When the Anti-Moé Brigade calls Clannad “emotionally manipulative,” it’s likely because they didn’t emotionally invest themselves in it. When they question the concept of being endeared to cute anime girls, it’s likely because they find the idea of emotionally investing oneself in a cute anime girl to be silly, even though they no doubt are quick to emotionally invest themselves in works they enjoy.

Whether or not something is ”real” matters little. What we need to realize is that fiction has the capacity to affect people emotionally, and that it requires the viewer to be receptive to that in order for it to work. If someone chooses not to emotionally invest themselves in an anime, then is it really any surprise when they claim to see through the show’s “emotional manipulation?”


Stay frosty.


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2 thoughts on “Emotional Manipulation or Emotional Investment?”

  1. I feel that this post sums up perfectly about how I feel about “emotional manipulation”. I feel any type of media that tries to get a reaction out of someone, by their very nature, is manipulation. But the problem is, the word “manipulation” has a very negative connotation to it. I think you were spot on when you said that the only reason the Anti-Moe Brigade sees works like Clannad as manipulative is because they find the idea of crying over bishoujo characters silly. I’ve talked to some of these people, they just think there is something inherently shallow about moe. They think moe by nature is just fan pandering, so it can’t be deep. These people don’t seem to realize that moe isn’t just a business trying to sell characters to people. To me, moe is all about character love. Absolute enthusiasm and admiration for a character. I realize that what is moe to an otaku wouldn’t be moe to everyone else, but I find it difficult to believe that Maeda Jun created his works only for the intention to sell things. I think he put a lot of genuine effort into it, so I don’t believe for a second he’s trying to “trick” anyone into anything.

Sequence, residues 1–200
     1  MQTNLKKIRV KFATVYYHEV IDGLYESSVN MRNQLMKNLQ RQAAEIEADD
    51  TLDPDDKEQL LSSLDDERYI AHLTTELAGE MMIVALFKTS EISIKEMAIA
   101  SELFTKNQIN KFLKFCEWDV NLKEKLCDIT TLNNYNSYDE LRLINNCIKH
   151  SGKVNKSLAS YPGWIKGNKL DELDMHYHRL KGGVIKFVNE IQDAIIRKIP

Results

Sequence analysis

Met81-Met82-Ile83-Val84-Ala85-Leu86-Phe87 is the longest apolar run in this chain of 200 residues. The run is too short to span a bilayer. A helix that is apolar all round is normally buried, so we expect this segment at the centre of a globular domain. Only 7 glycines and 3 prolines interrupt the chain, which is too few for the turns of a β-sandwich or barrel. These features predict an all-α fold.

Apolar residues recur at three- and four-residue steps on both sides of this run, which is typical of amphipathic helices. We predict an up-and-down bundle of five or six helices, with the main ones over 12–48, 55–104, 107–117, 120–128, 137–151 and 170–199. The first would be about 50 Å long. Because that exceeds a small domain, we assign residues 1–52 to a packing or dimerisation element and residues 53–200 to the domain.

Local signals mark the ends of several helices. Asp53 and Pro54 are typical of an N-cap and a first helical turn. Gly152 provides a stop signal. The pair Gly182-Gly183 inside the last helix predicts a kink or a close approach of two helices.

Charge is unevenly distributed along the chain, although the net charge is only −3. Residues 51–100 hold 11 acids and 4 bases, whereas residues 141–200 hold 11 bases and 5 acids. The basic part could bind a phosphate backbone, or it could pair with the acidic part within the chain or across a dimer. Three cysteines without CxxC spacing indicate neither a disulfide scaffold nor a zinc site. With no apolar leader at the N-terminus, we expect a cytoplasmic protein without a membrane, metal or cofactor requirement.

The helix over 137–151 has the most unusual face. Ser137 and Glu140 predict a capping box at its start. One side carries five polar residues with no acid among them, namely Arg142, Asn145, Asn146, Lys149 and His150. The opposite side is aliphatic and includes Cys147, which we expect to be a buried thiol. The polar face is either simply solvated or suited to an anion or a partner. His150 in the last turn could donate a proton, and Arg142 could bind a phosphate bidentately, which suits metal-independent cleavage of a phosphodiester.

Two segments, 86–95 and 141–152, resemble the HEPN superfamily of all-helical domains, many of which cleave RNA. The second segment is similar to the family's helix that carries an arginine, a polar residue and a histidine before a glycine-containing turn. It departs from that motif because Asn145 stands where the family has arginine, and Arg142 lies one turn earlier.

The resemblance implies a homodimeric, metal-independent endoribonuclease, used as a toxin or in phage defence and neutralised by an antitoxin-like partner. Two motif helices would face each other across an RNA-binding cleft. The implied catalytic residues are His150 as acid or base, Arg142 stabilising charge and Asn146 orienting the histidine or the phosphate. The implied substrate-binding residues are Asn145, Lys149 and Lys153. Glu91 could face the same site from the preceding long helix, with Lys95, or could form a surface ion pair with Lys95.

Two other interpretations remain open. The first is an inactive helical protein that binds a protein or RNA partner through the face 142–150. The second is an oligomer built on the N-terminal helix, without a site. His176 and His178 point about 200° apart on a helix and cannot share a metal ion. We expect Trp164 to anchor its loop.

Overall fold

2. I think what a lot of critics mean when they say “emotional manipulation” is very different than what the term actually means.

    I think what they usually mean is that a show feels overdramatic or is pushing to be something a lot more moving than it actually is. It’s when characters and plotlines haven’t been developed enough for the viewer to truly become invested. This is obviously going to differ from person to person, but I think the complaint can be valid if expressed correctly.

    For example, I personally thought the romance plot in the first part of SAO was overly sappy and failed to flesh out its participants adequately. The dialogue and over-dramatic music were not bad in themselves, but lacked the proper build-up and development needed to make me, the viewer, really care. As a result it came across as juvenile and lazy, atleast to me.

    Clearly many people both agree and disagree with that assessment for various reasons. But I think that’s what many critics mean by “emotional manipulation”. The idea that if you show people crying and play sappy music, you’re instantly supposed to care. In that sense I can sort of see where they’re coming from.

    But again, that’s not what the term actually means.